1 or more cloves or garlic,peeled and diced
1 handful of cilantro (optional) chopped fine
250 grams of tomato paste
400 grams of crushed tomatoes
About one and one half cups of water
Spices to taste. Salt, black pepper, a pinch of sugar, cumin, even a pinch of cinnamon.
1 large eggplant sliced into half inch thick rounds (they can be slightly thicker)
Olive oil
Cooking spray
2 lbs ground beef
Cut the eggplant crosswise into thin round slices (about 1/2 inch thickness,) sprinkle with kosher salt and sweat for an hour or more to remove the bitter juices.
Place eggplant on an oiled cookie sheet (sprinke 1 to 2 tablespoons of olive oil on a cookie sheet, then spread with a pastry brush and place eggplant on top in a single layer. Bake at 420 or until soft–they don’t need to be brown, just softened (about 30 minutes).
While the eggplants are baking saute the onion in the oil until translucent. Add garlic and meat. Saute until the meat is crumbly. Then add tomato paste, crushed tomatoes cilantro, water and spices. Simmer together until bubbly (about 10 minutes)
Spray a 9 by 13 or 8 by 8 cooking pan (pyrex is fine). Layer eggplant and meat tomato mixture, eggplant, meat tomato until you’ve finished . Cover with foil. Bake at 350 for a half hour.use this oneIMG_3713

You wont believe its pareve cheesecake

Maybe I’ve been living in a cave, but it wasn’t until I attended Kosherfest, the kosher food industry’s trade fair and specifically chef Avi Roths’ fab cooking demonstration that I discovered the myriad possibilities of Tofutti cream cheese. While I can’t get many hip American ingredients–I have yet to sample farro, ponzu or srichacha sauce (hope I’ve spelled them correctly) Tofutti cream cheese is sold at my local makolet. It’s kept in the the dairy case.-whoever stocks the shelves seems to think that it’s dairy–that white plastic container is deceiving. While Tofutti cream cheese is not something you’d want to spread on a bagel, when it is sweetened up and combined with pareve cream, sugar and eggs it can become the foundation for a yummy desert.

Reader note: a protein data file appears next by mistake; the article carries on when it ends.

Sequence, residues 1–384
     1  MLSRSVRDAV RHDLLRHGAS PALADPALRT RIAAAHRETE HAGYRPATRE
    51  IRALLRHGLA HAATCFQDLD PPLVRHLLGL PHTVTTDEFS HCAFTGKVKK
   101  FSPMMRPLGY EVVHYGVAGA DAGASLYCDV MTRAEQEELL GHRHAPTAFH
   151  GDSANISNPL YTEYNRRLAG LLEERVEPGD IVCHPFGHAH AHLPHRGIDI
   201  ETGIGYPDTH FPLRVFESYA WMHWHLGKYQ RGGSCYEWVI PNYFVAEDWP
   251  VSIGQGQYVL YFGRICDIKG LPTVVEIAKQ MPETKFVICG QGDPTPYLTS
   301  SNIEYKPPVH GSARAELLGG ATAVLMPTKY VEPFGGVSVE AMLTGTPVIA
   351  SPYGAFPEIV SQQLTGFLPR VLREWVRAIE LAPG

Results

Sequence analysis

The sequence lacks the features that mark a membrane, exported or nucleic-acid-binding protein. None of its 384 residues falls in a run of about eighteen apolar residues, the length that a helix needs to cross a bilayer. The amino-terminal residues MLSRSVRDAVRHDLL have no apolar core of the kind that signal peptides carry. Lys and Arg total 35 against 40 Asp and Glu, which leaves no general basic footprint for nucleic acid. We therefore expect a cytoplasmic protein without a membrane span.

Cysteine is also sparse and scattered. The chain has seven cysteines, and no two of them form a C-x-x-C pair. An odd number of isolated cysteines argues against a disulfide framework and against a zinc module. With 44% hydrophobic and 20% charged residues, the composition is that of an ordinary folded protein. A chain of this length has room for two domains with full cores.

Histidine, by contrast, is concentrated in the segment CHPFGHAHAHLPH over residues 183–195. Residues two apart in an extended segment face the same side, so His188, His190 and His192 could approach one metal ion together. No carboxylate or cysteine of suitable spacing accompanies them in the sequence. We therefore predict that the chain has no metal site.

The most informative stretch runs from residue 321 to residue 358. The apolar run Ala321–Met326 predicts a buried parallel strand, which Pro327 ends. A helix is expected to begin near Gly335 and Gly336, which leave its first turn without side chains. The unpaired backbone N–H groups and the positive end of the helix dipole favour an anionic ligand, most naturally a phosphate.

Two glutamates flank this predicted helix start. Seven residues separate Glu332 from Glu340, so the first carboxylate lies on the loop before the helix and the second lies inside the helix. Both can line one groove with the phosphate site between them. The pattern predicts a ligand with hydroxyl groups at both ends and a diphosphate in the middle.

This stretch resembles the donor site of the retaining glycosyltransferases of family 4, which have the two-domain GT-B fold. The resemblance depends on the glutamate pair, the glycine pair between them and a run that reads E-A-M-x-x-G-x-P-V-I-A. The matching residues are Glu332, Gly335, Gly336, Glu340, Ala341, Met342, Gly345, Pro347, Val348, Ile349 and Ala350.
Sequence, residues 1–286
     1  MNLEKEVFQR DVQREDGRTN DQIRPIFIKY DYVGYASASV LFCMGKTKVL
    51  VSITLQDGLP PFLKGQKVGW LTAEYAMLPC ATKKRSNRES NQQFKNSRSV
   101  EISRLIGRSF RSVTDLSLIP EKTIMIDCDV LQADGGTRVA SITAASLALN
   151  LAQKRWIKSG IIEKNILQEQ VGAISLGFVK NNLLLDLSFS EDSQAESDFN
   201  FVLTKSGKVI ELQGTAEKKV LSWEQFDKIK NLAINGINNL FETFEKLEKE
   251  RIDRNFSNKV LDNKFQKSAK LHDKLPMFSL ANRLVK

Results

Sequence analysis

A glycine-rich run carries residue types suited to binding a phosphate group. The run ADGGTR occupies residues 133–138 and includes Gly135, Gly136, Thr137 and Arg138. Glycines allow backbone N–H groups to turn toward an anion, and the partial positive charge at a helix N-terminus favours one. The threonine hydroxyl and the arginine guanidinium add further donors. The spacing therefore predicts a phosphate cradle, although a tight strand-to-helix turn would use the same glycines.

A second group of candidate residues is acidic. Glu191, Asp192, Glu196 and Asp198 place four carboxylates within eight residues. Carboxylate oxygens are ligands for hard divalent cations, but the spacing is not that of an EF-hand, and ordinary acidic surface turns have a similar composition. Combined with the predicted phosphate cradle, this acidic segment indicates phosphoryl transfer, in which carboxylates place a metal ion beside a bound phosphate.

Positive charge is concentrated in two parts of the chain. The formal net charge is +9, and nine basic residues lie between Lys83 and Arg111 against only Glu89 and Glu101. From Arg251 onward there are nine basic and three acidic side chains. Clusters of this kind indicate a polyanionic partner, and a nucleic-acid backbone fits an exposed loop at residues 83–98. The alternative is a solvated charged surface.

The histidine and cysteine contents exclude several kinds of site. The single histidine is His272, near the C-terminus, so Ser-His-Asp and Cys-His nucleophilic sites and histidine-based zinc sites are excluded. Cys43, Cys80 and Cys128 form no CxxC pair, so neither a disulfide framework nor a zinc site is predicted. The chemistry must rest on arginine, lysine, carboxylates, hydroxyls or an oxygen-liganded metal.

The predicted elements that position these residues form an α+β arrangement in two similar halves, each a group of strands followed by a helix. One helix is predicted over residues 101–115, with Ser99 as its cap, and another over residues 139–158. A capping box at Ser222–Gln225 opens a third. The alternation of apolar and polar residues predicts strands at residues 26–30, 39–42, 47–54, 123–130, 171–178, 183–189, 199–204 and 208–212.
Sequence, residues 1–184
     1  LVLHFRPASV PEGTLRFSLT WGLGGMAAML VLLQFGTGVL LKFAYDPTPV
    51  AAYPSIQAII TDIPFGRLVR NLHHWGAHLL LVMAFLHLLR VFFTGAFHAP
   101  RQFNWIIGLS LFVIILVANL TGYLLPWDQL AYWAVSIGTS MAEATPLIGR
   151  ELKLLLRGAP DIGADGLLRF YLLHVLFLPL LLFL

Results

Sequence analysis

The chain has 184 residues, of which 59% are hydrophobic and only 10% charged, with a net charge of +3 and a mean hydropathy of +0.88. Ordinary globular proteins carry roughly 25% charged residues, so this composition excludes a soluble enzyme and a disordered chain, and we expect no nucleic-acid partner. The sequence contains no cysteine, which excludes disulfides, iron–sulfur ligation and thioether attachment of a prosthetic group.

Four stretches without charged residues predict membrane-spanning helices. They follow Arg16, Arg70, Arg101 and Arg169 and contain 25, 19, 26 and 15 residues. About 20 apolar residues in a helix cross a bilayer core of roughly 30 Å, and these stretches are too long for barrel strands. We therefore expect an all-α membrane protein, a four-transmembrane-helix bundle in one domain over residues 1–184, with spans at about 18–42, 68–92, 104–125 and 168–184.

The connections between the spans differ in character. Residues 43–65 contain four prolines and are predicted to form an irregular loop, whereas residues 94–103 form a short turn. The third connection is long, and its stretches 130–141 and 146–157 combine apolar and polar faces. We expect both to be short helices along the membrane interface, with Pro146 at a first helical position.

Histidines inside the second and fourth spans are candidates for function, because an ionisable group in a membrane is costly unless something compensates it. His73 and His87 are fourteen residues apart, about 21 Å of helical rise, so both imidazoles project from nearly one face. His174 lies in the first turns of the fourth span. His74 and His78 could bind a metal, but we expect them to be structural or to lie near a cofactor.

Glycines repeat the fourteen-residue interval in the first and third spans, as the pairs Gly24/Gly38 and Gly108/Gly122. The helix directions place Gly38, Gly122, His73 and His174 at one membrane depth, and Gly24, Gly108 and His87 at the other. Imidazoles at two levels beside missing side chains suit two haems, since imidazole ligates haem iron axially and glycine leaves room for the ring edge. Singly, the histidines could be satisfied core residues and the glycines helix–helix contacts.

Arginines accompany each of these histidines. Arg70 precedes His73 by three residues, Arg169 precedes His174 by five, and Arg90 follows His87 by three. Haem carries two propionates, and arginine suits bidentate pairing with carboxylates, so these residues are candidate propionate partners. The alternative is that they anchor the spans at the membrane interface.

Chef Roth used it to make a heavenly tasting chocolate cookie peanut butter, cream cheese trifle. I wanted to try to recreate it but I was out of chocolate cookies and well stocked with empty Graham cracker crust shells so I took a leap of faith and tried my hand at pareve cheesecake. Most of the time I cook with recipes but for this recipe I winged it, adapting a dairy cheesecake recipe and hoping for the best. To my great surprise, my pareve cheesecake came out so delicious that even my cheesecake maven husband asked me if I was sure that it wasn’t dairy. No kiddin. He felt a bit strange eating it after a chicken meal.
Yes, for those of us who keep kosher, pareve cheesecake can seem strange.I imagine that there are old timers who may even refuse it, on principle, not wanting to pretend to be eating a forbidden combination but for most of the kosher eating public fake treyf is just fine. It’s more than fine. It’s become a mega trend.
On display at Kosherfest I saw displays of fake sea food, fake bacon, even fake bread for Passover (potato starch is a magical ingredient) and of course Tofutti fake cheese products.
Does this trend point to a hidden, or perhaps not so hidden treyf envy? Do we orthodox Jews secretly long to eat cheeseburgers or do these concoctions indicate that we kosher eaters aren’t missing anything at all thereby proving the Talmudical statement that every forbidden flavor has a kosher equivalent? I don’t know
Since the Rabbis declared these things permitted we are free to indulge in these slightly bizarre pleasures. In that spirit here’s my easy and delicious and very fake Tofutti Cream Cheese Pareve Cheesecake recipe.
1 16 oz container of Tofutti cream cheese
1 small pareve whip
2 eggs
1/2 packet of vanilla pudding mix (about 1/2 cup) powder
1-2 T lemon juice (fresh)
1 t vanilla extract
Graham cracker pie crust
Sugar to taste (about 1/3 to 1/2 of a cup)
Using the paddle attachment of a stand mixer combine everything into a thick, smooth paste and pour into a prepared Graham cracker crust. This is a very runny filling–mine spilled on the floor and inside my oven. You may want to take precautions such as covering your oven tray with silver foil or resting the pie pan in an aluminum foil case. Don’t say I didnt warn you. (for a thicker batter, you can take the slightly more time consuming step of beating the pareve whip alone until stiff before adding the other ingredients)
Bake at 180 C or 350 F until set (about one hour) Cool and then refrigerate for 12 hours before serving
Freezes very well.use this one

Yummy Winter Veggie Soup with, no kidding chestnuts and pears.